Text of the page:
Streaming DNS Analytics Using The CloudFlare API and

We are looking into the different ways in which our API operations can be automated, made more real time, and allowing us to better understand the different events that occur across our platforms each day, using In our hunt for high value APIs that could be proxied using, and streamed using Server-Sent Events (SSE), we found ourselves learning more about what is available via the CloudFlare DNS API.

CloudFlare provides a DNS analytics API, which allows you to pull DNS logs by date range, and different time interval, allowing you to get a minute by minute update of the activity at the DNS level for any API. Which then would be super easy to then proxy using and stream to dashboards, mobile devices, and even to train machine learning models.

You can use the following cURL command to establish a DNS stream:

curl -v "{zone_id}/dns_analytics/report/bytime?dimensions=responseCode,queryName&metrics=queryCount&sort=+responseCode,-queryName&since=2018-03-01T12:00:00Z&until=2018-03-11T23:00:00Z&limit=100&X-Sd-Token={streamddata_token}" -H "X-Auth-Email: {your_email}" -H "X-Auth-Key: {cloudflare_api_key}" -H "Content-Type: application/json"

CloudFlare provides other additional Zone analytics APIs, in addition to these basic set of aggregate analytics. We are playing around with more of their APIs, learning what is possible as we go along, looking for other opportunities for streaming DNS related data. Virtually every feature available via the CloudFlare interface has a supporting API, making it a pretty rich source of real time data regarding the DNS layer forAPI operations. When it comes to developing and training machine learning models, and using them to help us make decisions as part of API operations, the data CloudFlare makes available represents a tremendous opportunity.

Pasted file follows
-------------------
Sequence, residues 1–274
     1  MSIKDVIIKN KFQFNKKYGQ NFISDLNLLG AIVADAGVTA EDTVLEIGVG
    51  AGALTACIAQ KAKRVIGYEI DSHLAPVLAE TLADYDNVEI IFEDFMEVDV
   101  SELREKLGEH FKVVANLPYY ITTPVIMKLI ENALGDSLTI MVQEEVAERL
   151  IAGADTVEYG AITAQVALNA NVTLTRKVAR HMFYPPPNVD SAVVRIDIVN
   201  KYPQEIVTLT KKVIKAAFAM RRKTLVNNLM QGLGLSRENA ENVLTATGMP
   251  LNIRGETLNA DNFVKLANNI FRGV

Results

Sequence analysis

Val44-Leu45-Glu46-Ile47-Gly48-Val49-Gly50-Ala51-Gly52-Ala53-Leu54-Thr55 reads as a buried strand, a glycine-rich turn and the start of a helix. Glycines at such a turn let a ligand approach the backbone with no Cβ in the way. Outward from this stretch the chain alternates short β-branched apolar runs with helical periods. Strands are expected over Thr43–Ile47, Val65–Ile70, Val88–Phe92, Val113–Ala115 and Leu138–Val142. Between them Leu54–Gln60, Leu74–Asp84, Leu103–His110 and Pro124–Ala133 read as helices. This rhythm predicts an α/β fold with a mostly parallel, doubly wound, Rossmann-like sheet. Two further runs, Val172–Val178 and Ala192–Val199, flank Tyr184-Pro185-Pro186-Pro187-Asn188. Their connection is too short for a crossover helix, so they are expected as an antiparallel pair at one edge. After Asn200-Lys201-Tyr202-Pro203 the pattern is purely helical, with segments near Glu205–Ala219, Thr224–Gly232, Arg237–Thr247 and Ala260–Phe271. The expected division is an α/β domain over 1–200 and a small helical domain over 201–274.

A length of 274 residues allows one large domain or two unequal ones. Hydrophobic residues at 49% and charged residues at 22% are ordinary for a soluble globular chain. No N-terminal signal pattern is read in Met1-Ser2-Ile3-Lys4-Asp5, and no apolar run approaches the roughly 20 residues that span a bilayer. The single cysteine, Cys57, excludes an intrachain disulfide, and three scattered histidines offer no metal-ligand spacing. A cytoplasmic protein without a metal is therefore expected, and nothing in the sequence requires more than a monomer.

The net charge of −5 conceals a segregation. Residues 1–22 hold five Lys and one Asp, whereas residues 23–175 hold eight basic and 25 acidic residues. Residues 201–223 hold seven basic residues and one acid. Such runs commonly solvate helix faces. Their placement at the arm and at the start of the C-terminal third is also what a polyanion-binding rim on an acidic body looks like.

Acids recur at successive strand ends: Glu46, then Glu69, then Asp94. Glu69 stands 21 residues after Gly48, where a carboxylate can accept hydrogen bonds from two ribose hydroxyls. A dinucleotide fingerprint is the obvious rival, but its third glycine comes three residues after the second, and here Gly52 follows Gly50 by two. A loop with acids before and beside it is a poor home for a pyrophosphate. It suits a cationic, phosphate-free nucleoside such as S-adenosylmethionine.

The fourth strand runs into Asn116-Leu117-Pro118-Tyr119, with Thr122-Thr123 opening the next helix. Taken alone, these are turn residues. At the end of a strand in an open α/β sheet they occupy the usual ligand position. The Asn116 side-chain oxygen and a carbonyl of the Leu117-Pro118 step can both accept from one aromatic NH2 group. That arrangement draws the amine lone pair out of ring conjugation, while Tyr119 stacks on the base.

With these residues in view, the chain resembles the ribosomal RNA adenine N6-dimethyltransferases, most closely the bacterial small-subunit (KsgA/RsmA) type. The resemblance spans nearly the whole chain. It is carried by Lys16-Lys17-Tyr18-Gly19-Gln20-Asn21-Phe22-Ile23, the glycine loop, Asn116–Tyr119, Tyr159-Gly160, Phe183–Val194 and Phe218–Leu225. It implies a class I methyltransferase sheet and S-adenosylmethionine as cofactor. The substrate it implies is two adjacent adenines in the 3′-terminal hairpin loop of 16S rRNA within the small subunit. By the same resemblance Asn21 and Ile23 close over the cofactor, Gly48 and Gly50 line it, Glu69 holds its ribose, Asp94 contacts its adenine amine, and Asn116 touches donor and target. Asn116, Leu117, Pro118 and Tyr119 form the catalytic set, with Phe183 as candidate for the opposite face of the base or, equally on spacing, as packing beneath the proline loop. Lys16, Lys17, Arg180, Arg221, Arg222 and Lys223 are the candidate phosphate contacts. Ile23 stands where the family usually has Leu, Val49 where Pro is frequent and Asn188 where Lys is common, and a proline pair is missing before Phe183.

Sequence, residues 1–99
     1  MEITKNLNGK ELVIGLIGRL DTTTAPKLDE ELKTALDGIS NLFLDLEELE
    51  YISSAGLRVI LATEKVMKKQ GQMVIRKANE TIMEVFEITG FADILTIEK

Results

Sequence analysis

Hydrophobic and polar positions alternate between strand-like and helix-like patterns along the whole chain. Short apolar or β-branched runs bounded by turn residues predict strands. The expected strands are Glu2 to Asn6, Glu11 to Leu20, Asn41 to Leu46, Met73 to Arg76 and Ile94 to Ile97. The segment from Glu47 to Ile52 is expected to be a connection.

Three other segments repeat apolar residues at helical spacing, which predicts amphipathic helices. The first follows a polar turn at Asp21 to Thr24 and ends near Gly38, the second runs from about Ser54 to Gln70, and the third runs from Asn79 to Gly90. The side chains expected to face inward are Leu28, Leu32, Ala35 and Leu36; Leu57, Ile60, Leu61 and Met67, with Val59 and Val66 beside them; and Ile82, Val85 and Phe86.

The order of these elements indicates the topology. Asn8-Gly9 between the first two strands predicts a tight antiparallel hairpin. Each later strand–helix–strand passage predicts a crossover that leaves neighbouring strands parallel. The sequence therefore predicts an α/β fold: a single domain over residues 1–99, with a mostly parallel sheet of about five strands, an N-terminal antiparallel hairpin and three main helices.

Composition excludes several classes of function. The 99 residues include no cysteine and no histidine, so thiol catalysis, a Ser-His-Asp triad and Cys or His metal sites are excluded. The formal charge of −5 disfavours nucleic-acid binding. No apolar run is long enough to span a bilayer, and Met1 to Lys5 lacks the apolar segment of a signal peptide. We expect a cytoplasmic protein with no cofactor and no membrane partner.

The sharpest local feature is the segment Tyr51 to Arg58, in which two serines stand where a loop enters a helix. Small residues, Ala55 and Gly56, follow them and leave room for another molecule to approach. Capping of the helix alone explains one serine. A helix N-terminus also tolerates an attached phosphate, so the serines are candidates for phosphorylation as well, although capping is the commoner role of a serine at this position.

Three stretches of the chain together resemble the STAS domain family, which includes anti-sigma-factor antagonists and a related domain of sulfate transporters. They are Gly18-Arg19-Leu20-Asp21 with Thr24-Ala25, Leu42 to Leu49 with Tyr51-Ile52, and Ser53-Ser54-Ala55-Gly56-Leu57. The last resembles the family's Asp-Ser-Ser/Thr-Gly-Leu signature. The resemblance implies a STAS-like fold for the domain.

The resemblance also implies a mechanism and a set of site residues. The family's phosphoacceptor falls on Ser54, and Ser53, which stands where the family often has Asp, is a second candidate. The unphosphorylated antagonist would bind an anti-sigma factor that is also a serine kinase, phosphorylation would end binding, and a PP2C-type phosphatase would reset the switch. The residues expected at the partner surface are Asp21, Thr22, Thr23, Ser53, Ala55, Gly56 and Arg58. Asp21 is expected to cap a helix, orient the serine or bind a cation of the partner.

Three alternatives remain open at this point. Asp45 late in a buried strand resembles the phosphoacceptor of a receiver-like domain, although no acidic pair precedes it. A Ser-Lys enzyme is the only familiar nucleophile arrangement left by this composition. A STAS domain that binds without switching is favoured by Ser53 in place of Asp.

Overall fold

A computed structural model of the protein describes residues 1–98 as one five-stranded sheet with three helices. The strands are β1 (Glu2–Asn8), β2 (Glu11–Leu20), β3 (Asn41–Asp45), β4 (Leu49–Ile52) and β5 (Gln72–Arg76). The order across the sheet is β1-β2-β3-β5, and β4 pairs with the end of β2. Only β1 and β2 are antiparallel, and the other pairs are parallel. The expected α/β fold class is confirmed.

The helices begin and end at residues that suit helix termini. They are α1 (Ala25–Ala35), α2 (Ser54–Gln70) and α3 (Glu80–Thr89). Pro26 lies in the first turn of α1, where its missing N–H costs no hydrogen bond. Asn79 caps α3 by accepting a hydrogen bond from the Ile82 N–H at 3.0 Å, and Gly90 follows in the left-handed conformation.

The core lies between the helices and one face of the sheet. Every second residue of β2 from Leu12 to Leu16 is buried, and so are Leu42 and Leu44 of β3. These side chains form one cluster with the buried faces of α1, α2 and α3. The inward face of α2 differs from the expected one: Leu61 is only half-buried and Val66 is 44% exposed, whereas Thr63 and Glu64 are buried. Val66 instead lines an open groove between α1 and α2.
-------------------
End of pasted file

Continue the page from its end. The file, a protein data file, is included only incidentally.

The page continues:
We’ll add CloudFlare to our stack of APIs that can be used to develop real time streams of operational level data, when it comes to our API operations. The DNS layer of operations provides a pretty significant space for turning into real time streams, evaluating them for meaningful events, then further enriched using the ML models we use as part of our monitoring and security efforts. Making this type of research, and the profiling of ready to go operational level APIs like CloudFlare pretty relevant to how we are defining our DevOps, and DevSecOps programs in 2018.

**Original source: blog


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